Menwhopause: Within City Limits
The Delhi rock band are at their cynical and experimental
best on their third album ‘Neon Delhi’
If you thought Mumbai made a perfect muse for dark, delirious poets and musicians, Delhi rock band Menwhopause feel that the Capital evokes a certain melancholy. Guitarist Anup Kutty says about their latest album, “Neon Delhi is set in the near future. For all you know, it could even be the distant past. There are semblances to a city we grew up in. But mostly things have changed. The sounds have changed. The drugs have changed. The buildings have changed. The politics has changed. Neon Delhi is a compilation of vignettes.”
Neon Delhi also marks the first album minus vocalist Sarabjit Singh Chadha and with inputs from three different drummers – Paul Schneiter [recording engineer and longtime drummer for the band], Sahil Mendiratta [from psychedelic rock band Indigo Children] and current choice Bhanu Thakur. Kutty adds, “This album especially highlights Paul’s magic behind the recording deck.” But that’s not where the liner notes would end. The eight-track album features Menwhopause’s mellow forlorn sound of acoustic and electric guitars on tracks such as “Does That Feel Good?” and “Feeling Right”.
There’s also more experimentation this time, complete with a varied list of guest artists. Kutty says, “Menwhopause was always a collaborative effort. We’ve lived out our musical fantasies by getting a really diverse set of artists and playing producers.”
There are appearances by American jazz pianist Grant Richards, Rajasthani khamancha folk trio GFD and [poet-guitarist] Jeet Thayil’s spoken word on Neon Delhi. Kutty adds, “There’s a short instrumental piece composed by Sumar Khan – an 80-year-old Algoza [twin flute] player. He guards a ghost town in the desert rumored to have treasures buried inside. All day he sits at the gates, playing his Algoza. If there ever was a pied piper, it’s him.”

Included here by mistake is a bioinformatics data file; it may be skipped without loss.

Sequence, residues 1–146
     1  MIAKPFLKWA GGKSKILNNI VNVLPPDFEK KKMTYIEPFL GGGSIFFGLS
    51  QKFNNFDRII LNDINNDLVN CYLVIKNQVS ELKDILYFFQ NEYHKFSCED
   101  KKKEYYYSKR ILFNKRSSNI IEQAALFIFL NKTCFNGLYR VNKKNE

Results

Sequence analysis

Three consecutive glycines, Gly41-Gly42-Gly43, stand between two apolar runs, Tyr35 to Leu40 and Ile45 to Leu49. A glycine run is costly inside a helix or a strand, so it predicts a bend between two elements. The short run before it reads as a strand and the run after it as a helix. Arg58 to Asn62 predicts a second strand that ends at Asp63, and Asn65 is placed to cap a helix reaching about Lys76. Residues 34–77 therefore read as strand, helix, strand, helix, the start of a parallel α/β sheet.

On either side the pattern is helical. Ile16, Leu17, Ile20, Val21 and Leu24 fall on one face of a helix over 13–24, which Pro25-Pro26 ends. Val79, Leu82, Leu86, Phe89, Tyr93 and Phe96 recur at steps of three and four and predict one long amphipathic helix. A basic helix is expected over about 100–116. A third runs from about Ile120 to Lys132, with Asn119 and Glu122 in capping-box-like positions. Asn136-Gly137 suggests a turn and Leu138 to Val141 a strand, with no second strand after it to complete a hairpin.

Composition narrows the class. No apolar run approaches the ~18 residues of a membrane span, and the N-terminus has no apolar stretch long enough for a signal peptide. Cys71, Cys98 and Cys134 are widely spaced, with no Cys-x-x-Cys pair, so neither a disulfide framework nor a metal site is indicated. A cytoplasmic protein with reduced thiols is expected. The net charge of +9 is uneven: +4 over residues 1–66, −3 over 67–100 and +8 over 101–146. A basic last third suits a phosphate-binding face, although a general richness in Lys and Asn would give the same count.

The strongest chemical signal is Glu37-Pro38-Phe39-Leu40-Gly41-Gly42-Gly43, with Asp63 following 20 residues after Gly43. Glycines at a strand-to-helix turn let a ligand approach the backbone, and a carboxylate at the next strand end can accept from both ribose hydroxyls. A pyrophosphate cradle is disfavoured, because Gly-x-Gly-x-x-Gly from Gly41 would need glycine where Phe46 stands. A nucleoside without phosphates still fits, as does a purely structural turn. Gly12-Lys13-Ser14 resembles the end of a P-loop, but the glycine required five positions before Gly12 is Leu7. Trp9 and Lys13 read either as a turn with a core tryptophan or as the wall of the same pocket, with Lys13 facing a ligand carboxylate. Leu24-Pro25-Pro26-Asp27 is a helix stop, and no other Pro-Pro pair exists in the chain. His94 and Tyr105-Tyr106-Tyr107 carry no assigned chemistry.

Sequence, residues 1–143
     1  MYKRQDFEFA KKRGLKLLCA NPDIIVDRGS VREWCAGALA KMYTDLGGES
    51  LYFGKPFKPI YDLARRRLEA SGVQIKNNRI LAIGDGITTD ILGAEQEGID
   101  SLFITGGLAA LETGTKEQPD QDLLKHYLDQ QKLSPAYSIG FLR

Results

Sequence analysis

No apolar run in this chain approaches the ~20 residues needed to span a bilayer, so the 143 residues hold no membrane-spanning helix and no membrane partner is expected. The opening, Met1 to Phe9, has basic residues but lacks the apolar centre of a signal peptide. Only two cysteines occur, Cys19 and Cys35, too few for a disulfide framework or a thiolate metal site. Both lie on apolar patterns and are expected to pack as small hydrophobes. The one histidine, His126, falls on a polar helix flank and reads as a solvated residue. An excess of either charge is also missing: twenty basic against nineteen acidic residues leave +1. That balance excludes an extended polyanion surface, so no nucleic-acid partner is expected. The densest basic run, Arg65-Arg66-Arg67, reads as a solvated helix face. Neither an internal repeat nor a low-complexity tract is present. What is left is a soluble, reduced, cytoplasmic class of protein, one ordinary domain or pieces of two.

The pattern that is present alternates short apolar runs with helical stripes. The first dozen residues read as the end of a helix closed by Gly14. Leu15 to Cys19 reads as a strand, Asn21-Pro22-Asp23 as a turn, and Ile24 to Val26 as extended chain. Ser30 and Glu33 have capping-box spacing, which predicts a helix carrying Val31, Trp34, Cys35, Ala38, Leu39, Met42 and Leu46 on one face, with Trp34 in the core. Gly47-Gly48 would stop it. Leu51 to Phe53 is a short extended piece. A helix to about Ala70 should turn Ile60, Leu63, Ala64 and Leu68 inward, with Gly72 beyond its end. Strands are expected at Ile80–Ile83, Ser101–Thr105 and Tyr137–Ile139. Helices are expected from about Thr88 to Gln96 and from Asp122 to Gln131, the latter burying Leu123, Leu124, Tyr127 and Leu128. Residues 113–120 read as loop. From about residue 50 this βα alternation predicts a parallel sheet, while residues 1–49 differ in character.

Like their best-known songs “Easy”, “Keep” and “Father Monologue”, Menwhopause are very much aiming for stories through spoken word and field recordings. Their lead single “On A Boat”, however, is frenzied, funny and funky, mixed by Berlin-based Australian engineer Victor van Vugt, who has previously worked with the likes of Sonic Youth and Nick Cave. It features Delhi-based rapper Faadu aka Aditya Parihar. The rapper has in the past jammed with the band at the odd club gigs in Delhi to the Ziro Festival of Music in Arunachal Pradesh. Kutty says of Faadu, “He’s another genius whose work we were introduced to by [writer and journalist] Palash Mehrotra. We had to hunt him down to his hideout in East Delhi and get him to work on this song.”
Thematically, the underlying tone is that of a cynic for Menwhopause, who are now led by vocalist-bassist Randeep Singh, Kutty and guitarist IP Singh. Kutty hints that the writing process was disrupted due to the major record label treatment their 2011 album Easy was meted out. “When Easy was out, we were high on youthful dreams. There was hope, there were incessant gigs, parties, new cities, new friends. The crash following an album is worse than a coke downer. You wallow in some bullshit idea of an achievement,” Kutty says.
That comedown seems to have made them reflect on their city as well, from the 1984 riots to the road rampage of the infamous redline private buses [that Kutty probably deliberately calls “bloodthirsty redline buses”] that killed hundreds. The guitarist changes the topic to talk about the sounds they have sampled on Neon Delhi, saying, “The overbearing sound of the city right now are these drills that are bringing down old houses and replacing them with glass and steel towers. There’s never silence here.”
Neon Delhi is mixed by Delhi-based keyboardist Akshat Taneja [from the likes of psych rock band Udan Tashtri, prog metallers Guillotine and a live member for Menwhopause] and will be released independently. Kutty calls the end of their contract with Universal/EMI [who released Easy] as a “blessing”. The guitarist adds, “It’s back to our DIY roots albeit at a much better period of time. There are way more options and opportunities to get our music out there than it was about five years ago, although commercially things may not really have looked up. I mean, independent musicians seem to be making the same kind of money they were a few years ago.”